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Event dispatcher

All objects that produce events in Kivy implement the EventDispatcher which provides a consistent interface for registering and manipulating event handlers.

Changed in version 1.0.9: Property discovery and methods have been moved from the Widget to the EventDispatcher.

class kivy.event.EventDispatcher

Bases: kivy.event.ObjectWithUid

Generic event dispatcher interface.

See the module docstring for usage.


Adds properties at runtime to the class. The function accepts keyword arguments of the form prop_name=prop, where prop is a Property instance and prop_name is the name of the attribute of the property.

New in version 1.9.1.


This method is not reccomended for common usage because you should declare the properties in your class instead of using this method.

For example:

>>> print(wid.property('sticks', quiet=True))
>>> wid.apply_property(sticks=ObjectProperty(55, max=10))
>>> print(wid.property('sticks', quiet=True))
<kivy.properties.ObjectProperty object at 0x04303130>

Bind an event type or a property to a callback.


# With properties
def my_x_callback(obj, value):
    print('on object', obj, 'x changed to', value)
def my_width_callback(obj, value):
    print('on object', obj, 'width changed to', value)
self.bind(x=my_x_callback, width=my_width_callback)

# With event
def my_press_callback(obj):
    print('event on object', obj)

In general, property callbacks are called with 2 arguments (the object and the property’s new value) and event callbacks with one argument (the object). The example above illustrates this.

The following example demonstrates various ways of using the bind function in a complete application:

from kivy.uix.boxlayout import BoxLayout
from kivy.app import App
from kivy.uix.button import Button
from functools import partial

class DemoBox(BoxLayout):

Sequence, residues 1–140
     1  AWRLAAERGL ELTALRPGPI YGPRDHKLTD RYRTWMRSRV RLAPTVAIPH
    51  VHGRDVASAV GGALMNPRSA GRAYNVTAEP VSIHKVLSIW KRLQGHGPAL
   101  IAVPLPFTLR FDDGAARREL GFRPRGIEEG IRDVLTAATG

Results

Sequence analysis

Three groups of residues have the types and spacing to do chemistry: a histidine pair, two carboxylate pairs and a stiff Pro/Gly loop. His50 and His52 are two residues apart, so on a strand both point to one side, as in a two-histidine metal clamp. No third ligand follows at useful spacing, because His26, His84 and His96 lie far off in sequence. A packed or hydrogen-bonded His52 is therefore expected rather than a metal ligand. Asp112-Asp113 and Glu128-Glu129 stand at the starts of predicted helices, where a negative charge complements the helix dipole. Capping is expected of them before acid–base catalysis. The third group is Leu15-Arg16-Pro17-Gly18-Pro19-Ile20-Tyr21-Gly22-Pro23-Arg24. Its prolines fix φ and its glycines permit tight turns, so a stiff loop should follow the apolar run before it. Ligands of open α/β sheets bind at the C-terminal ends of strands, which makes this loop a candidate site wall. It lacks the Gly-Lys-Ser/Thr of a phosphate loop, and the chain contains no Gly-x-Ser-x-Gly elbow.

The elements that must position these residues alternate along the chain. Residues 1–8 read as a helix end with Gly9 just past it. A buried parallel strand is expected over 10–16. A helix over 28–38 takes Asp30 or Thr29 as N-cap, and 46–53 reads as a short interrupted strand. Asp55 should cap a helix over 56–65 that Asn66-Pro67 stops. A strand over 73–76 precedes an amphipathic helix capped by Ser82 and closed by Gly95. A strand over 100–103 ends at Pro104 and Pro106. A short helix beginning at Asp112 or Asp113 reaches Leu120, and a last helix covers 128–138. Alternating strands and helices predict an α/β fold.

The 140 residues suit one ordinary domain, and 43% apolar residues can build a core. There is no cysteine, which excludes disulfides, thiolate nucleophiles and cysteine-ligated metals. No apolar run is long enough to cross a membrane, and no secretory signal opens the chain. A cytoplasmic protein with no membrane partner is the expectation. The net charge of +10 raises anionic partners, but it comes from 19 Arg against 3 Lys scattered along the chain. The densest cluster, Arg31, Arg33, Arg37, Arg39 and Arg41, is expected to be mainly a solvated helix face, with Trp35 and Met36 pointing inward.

This class demonstrates various techniques that can be used for binding to
    events. Although parts could me made more optimal, advanced Python concepts
    are avoided for the sake of readability and clarity.
    def __init__(self, **kwargs):
        super(DemoBox, self).__init__(**kwargs)
        self.orientation = "vertical"

        # We start with binding to a normal event. The only argument
        # passed to the callback is the object which we have bound to.
        btn = Button(text="Normal binding to event")

        # Next, we bind to a standard property change event. This typically
        # passes 2 arguments: the object and the value
        btn2 = Button(text="Normal binding to a property change")

        # Here we use anonymous functions (a.k.a lambdas) to perform binding.
        # Their advantage is that you can avoid declaring new functions i.e.
        # they offer a concise way to "redirect" callbacks.
        btn3 = Button(text="Using anonymous functions.")
        btn3.bind(on_press=lambda x: self.on_event(None))

        # You can also declare a function that accepts a variable number of
        # positional and keyword arguments and use introspection to determine
        # what is being passed in. This is very handy for debugging as well
        # as function re-use. Here, we use standard event binding to a function
        # that accepts optional positional and keyword arguments.
        btn4 = Button(text="Use a flexible function")

        # Lastly, we show how to use partial functions. They are sometimes
        # difficult to grasp, but provide a very flexible and powerful way to
        # reuse functions.
        btn5 = Button(text="Using partial functions. For hardcores.")
        btn5.bind(on_press=partial(self.on_anything, "1", "2", monthy="python"))

        for but in [btn, btn2, btn3, btn4, btn5]:

    def on_event(self, obj):
        print("Typical event from", obj)

    def on_property(self, obj, value):
        print("Typical property change from", obj, "to", value)

    def on_anything(self, *args, **kwargs):
        print('The flexible function has *args of', str(args),
            "and **kwargs of", str(kwargs))

class DemoApp(App):
    def build(self):
        return DemoBox()

if __name__ == "__main__":

When binding a function to an event or property, a kivy.weakmethod.WeakMethod of the callback is saved, and when dispatching the callback is removed if the callback reference becomes invalid.

If a callback has already been bound to a given event or property, it won’t be added again.


Create a new property at runtime.

New in version 1.0.9.

Changed in version 1.8.0: value parameter added, can be used to set the default value of the property. Also, the type of the value is used to specialize the created property.

Changed in version 1.9.0: In the past, if value was of type bool, a NumericProperty would be created, now a BooleanProperty is created.

Also, now and positional and keyword arguments are passed to the property when created.